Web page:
Around the state, at 7 p.m. on Monday, April 10, the Wisconsin Conservation Congress will hold hearings in each county to discuss a multitude of DNR-related conservation issues. Whether to open a hunting season on Sandhill Cranes in Wisconsin will again be up for consideration and these hearings provide everyone in the state a chance to voice their opinion.
QUESTION 80 reads as follows: Sandhill crane hunting season (540616) (requires legislation) There are 700,000 Sandhill Cranes in North America and 17 states have hunting seasons, including two states in our flyway: Kentucky and Tennessee. A management plan approved by 31 states and Canadian provinces in eastern North America established that the Eastern Population of Sandhill Cranes was large enough to be hunted and established a process for a state to apply for a limited quota based hunting season. In Wisconsin, the State Legislature must approve a quota-based hunting season on Sandhill Cranes before the DNR can develop a season. Do you support legislation which would give the DNR authority to begin the process to develop a hunting season for Sandhill Cranes? 80. YES____ NO_____
The WSO Conservation Committee is asking Society members to consider this issue through the lens of four major reasons for preserving biodiversity: pragmatic, biological, aesthetic and ethical.
From a pragmatic view, we protect biodiversity because it is useful to us in some way: trees provide oxygen, plants provide medicines, and fish provide protein. Therefore, we must protect them to protect ourselves. Sometimes we argue for preserving biodiversity based on the biological implications. For instance, if we institute hunting, how will this affect a given population and can that population withstand this hunting pressure? We might also argue for protecting a species on aesthetic grounds. Like the Quetzal, because its beauty is truly inspiring. Finally, there is an ethical argument based on the premise that other species simply deserve the right to exist and to live free of human-caused pressures.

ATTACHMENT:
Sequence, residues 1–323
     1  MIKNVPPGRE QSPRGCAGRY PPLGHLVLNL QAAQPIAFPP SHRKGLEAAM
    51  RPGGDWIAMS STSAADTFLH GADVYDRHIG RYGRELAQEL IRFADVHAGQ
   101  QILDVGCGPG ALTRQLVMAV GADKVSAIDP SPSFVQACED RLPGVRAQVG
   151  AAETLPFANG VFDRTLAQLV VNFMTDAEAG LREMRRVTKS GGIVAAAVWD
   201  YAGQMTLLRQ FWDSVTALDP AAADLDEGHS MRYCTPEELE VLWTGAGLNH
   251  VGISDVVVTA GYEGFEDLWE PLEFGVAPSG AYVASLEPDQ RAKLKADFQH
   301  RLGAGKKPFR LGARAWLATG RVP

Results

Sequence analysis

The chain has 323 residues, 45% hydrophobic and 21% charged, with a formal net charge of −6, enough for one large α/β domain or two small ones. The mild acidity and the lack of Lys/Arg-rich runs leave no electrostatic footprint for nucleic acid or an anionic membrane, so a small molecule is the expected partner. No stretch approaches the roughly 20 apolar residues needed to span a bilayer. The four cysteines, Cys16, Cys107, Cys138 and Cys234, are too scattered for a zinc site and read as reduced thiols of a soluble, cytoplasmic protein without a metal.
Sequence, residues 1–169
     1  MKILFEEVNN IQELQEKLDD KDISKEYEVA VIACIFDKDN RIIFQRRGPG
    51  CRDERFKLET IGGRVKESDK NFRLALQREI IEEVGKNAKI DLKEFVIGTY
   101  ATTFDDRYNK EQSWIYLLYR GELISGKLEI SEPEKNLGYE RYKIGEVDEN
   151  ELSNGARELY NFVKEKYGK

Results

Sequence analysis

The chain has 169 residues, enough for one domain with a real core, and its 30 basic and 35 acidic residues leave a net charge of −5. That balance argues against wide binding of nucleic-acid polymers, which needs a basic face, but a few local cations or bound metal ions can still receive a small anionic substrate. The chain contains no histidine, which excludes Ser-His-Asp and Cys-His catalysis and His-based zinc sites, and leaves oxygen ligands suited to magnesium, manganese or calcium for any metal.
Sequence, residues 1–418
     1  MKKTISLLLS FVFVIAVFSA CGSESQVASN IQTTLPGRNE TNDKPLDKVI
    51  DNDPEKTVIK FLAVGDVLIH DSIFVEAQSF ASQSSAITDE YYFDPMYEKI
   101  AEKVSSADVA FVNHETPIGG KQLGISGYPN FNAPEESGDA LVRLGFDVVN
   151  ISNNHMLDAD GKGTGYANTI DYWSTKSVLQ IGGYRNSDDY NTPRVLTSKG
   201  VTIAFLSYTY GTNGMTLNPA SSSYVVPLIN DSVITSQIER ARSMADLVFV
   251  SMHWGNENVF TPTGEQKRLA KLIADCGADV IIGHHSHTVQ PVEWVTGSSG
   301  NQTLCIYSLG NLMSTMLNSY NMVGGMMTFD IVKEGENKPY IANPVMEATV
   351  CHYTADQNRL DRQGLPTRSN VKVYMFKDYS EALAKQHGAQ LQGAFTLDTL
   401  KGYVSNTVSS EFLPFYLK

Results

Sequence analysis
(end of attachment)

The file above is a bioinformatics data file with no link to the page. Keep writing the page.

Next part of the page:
From a pragmatic standpoint, a properly managed Sandhill Crane hunt would likely be sustainable and would probably not result in a large or dangerous population decline (especially if closely monitored). Based solely on population size, it appears that the Sandhill Crane population in Wisconsin could likely withstand a hunt. The number of Sandhill Cranes in Wisconsin is reasonably high and mates would likely be quickly replaced should one member of a pair be killed.
However, there are other factors beyond population size that need to be considered:
-- First, if a bird loses a mate due to hunting, it is typically unable to successfully fledge a chick for at least two to three years after it finds a new mate, even if it retains its breeding territory.
-- Second, models currently being considered to manage the Great Lakes population are based on harvest models used for cranes harvested while migrating along the Platte River in Nebraska. It is currently unknown how these management scenarios will affect the population in the Great Lakes.
-- Lastly, this population in the Great Lakes was threatened with extirpation less than 100 years ago. The last thing that anyone wants is to cause a similar crash to this population.
Another issue to consider is that an extensive and expensive effort has been undertaken to re-establish a migratory flock of Whooping Cranes in Wisconsin. Opening a hunting season on Sandhill Cranes would place Whooping Cranes at greater risk of accidental shootings. A Sandhill Crane season provides hunters with a “plausible” misidentification excuse if they were to shoot a Whooping Crane. Though they would still be responsible for their actions, legal action may be reduced on these grounds.
Long revered for its beauty and jubilant call, the Sandhill Crane may deserve protection on its aesthetic value alone. Just because we can hunt it, does not necessarily mean we should hunt it. For many, this elegant and stately species serves as the hallmark of spring’s return and all that is wild in our state.
The Sandhill Crane also is one of only 15 species of cranes worldwide, all of which have some level of cultural, spiritual and philosophical importance. The Sandhill Crane is a truly iconic symbol of the avian fauna of Wisconsin, and from an ethical standpoint, perhaps should not be classified as a game bird, measured only by its ability to sustain a hunting season. Ethics however are unique to the individual, so, as part of the WSO birding community, we are asking you to decide for yourself where you stand on this issue and encouraging you to make your voice heard on April 10.
For a county-by-county listing of locations for these hearings, see the DNR webpage
For a more detailed WSO issues paper on this topic: http://wsobirds.org/issue-papers
To learn more information about Sandhill Cranes: https://www.savingcranes.org/
By Andy Cassini and Matt Hayes, WSO Conservation Committee